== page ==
Kufri – A paradox
This post appeared in The Alternative
Could a journey be a delight for some and dismay for the forsaken?
It had been a long drive from Delhi to Shimla by road. I was tired and somnolent but the thought of sighting the mighty Himalayas kept me awake. The ride from Chandigarh to Shimla takes a good three and half hours and I was greeted to the sight of tall, cone shaped, deodar trees or the cedar. It was as if they tried to reach the sky and spread a layer of shadow on the ground. Every direction that I turned I could see civilization in clusters in the valleys surrounded by the coniferous trees. If you are lucky the sun god could show his grace and give a peekaboo appearance in the cold winter days.
People are seen playing in the snow, taking a dig into parathas, bhajis, noodles and momos or clambering on to a Yak and taking photographs. You also could experience the flying fox and the various rides in the amusement park. People throw plastic bottles and waste all around with no proper facility for garbage disposal.
Next morning I walked on the narrow roads with layers of warm clothing for a glimpse and shower of the huge yellow star. It seemed as if he wasn’t much interested to appear from behind the clouds. Temperature had dipped down to zero degrees Celsius. Water on the roads had frozen to form a thin sheet of ice. Shimla had received its first snowfall for the year and the talks around the town were Kufri had started to turn white. I bought a cup of tea in one of the local stalls as I walked up the steep roads. Walking didn’t seem to be my cup of tea in Shimla for I was soon puffing and panting. The tea had started to turn cold as soon as it was handed over to me. Anything and everything had to be savored immediately else one would be left with cold food that would be despised by the taste buds. A cool breeze wafted around and I tightened the muffler around my neck. It was indeed contradicting considering for one moment I would find it warm when the yellow ball cast its heat around. I would have to peel off few layers and the next moment when I would walk elsewhere with not much light around, cast in shadow I would have to again pack myself.
Shimla, the queen of the hills a quaint town in Himachal Pradesh was quite intriguing. It had this old world charm all around it with its colonial architecture and structures with gabled roofs. Most of them were one or two storied and some of the rooms in the top floor hung out of the structure. In the distant I could see the snow clad mountains. I had traveled all the way from Pune with my nine year old son for the National Ice Skating Competition to be held in Shimla. He was all eager and perked up for his first sight of snow and cajoled me for a short trip to Kufri. Kufri is a hill station about fifteen kilometers from Shimla that could be approached by road. It is one of the skiing destinations in India which was a popular getaway for the British. We took a taxi and headed on NH 22 for the first experience of snow. I was in for a surprise as I saw a sea of tourists eagerly waiting at the base to go up the hill. There was commotion and a long queue to park the cars. Waiting time was high for renting the gum boots to protect ones feet in snow. The only conveyance to travel up the hilltop was mules, hinnies else you could walk. Hoards of mule (kacchar in Hindi) owners flock around and tourists are seen haggling with them for a better deal.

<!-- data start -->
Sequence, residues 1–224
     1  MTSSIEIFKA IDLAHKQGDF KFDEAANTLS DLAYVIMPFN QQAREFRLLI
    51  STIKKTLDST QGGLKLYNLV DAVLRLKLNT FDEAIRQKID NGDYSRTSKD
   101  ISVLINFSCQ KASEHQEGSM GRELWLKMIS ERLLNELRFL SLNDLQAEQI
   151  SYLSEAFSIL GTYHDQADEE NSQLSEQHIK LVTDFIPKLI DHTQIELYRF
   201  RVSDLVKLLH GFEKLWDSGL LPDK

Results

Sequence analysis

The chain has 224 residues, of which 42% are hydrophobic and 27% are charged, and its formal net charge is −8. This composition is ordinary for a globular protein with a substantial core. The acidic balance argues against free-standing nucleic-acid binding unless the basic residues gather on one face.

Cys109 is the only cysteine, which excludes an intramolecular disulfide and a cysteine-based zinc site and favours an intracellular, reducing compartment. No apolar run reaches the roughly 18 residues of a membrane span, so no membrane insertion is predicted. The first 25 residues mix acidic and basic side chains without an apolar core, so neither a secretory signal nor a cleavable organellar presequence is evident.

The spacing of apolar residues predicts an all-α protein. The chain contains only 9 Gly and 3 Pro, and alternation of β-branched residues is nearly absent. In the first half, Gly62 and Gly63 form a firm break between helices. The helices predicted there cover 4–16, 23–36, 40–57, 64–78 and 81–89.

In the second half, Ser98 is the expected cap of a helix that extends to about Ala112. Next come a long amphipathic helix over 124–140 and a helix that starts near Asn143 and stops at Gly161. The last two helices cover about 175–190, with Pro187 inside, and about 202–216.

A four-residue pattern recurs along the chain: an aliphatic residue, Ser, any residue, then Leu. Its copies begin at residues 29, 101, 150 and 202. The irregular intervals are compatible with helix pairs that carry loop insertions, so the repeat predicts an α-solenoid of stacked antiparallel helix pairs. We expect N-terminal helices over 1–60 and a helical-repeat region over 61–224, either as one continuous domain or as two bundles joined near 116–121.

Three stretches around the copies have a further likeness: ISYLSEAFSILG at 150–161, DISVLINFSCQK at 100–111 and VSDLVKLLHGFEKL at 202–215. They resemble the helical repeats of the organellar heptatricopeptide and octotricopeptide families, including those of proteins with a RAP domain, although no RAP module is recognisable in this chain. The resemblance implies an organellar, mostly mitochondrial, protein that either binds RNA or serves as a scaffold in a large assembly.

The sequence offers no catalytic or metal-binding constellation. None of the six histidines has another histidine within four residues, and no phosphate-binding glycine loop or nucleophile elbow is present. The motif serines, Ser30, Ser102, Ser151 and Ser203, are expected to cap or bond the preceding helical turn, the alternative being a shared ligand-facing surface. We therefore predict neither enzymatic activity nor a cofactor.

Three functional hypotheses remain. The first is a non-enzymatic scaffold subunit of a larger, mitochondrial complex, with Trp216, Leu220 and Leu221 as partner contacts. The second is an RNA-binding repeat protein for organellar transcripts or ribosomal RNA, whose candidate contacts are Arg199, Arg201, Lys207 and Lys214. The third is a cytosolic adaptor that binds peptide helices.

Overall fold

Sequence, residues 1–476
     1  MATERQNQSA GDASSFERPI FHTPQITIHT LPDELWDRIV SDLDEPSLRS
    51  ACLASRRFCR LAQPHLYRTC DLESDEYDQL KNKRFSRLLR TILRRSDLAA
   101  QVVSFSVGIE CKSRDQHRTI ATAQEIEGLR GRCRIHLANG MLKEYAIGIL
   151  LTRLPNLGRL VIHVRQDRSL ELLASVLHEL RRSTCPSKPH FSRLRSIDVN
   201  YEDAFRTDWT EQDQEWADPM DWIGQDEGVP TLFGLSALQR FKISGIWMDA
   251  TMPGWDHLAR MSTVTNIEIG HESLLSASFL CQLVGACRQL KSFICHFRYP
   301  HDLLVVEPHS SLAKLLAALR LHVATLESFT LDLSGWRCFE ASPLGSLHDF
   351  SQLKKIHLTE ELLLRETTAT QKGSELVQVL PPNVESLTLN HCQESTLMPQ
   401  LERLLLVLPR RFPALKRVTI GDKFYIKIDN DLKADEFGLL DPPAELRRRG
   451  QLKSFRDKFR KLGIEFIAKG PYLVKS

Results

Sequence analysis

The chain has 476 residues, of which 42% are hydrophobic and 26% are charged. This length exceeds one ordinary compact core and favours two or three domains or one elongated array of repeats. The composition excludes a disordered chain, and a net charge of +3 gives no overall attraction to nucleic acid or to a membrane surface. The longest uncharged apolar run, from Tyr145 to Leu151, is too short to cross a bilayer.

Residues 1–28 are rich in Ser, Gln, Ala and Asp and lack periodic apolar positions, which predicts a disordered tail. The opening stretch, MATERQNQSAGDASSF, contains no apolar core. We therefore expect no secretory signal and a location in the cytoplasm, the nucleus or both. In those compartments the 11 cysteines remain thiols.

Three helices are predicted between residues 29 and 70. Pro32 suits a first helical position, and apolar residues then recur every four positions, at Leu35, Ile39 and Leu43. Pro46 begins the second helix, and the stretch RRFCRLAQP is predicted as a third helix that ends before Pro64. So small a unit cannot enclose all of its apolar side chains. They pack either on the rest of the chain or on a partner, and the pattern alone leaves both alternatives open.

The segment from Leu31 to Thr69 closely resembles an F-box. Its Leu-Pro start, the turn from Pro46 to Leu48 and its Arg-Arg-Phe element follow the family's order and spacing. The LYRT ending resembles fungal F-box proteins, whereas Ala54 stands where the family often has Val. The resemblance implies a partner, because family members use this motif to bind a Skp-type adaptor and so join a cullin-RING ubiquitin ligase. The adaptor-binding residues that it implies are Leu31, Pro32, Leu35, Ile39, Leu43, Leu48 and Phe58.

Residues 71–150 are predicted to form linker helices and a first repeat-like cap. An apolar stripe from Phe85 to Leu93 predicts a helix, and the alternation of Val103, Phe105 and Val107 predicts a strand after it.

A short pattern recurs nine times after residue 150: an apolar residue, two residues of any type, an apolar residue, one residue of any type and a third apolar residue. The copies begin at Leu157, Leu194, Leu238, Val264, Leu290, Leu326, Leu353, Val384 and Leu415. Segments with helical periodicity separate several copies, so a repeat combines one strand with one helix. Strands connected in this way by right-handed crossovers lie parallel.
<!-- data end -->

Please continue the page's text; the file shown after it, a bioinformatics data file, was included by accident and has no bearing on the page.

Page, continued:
For a ride up and down the hill you are charged close to 200 INR. The arduous ride starts with around 3 to 4 of these animals tied together back to back and one attendant to manage them. The gallop traverses through curves that circle the hill filled with mud, sludge and stones. There are ditches and fissures that the poor animals trod upon. They urinate and poop en-route the grueling trip and are treated to lashes by the attendant intermittently. The earlier they reach the top the more the number of trips the animals would be able to make which in turn would lead to cash jingling in the owners pockets. The journey is adrenaline pumping as you are left to the mercy of the poor animals trotting the dangerous journey. The climb takes around thirty minutes after which you get to view the snow clad mountains.
Once you are done with your ordeal you would have to wait for long hours till you get the animals to travel back to the base. If you found the uphill journey scary then the downhill tread is multifold. You are left wondering when this journey would come to an end. Many of the riders fall off the horse and are seen being pulled for couple of meters by the mules. The slope is very dangerous and you are left worrying about your safety. The state government could definitely work on the roads and also ensure rules are brought in on the number of animals per owner as well as the number of trips per day. Eco friendly means of transport like bicycles on rent could be made available. Sanitation facilities need to be set up. The drudgery that the animals go through is heart breaking. I returned to the hotel room glad to be safe and in one piece but the thought of the animals laboring day in and out under dangerous conditions didn’t seem to get off my mind. The entire ordeal had left me heavy.
Kufri, definitely not for the faint hearted!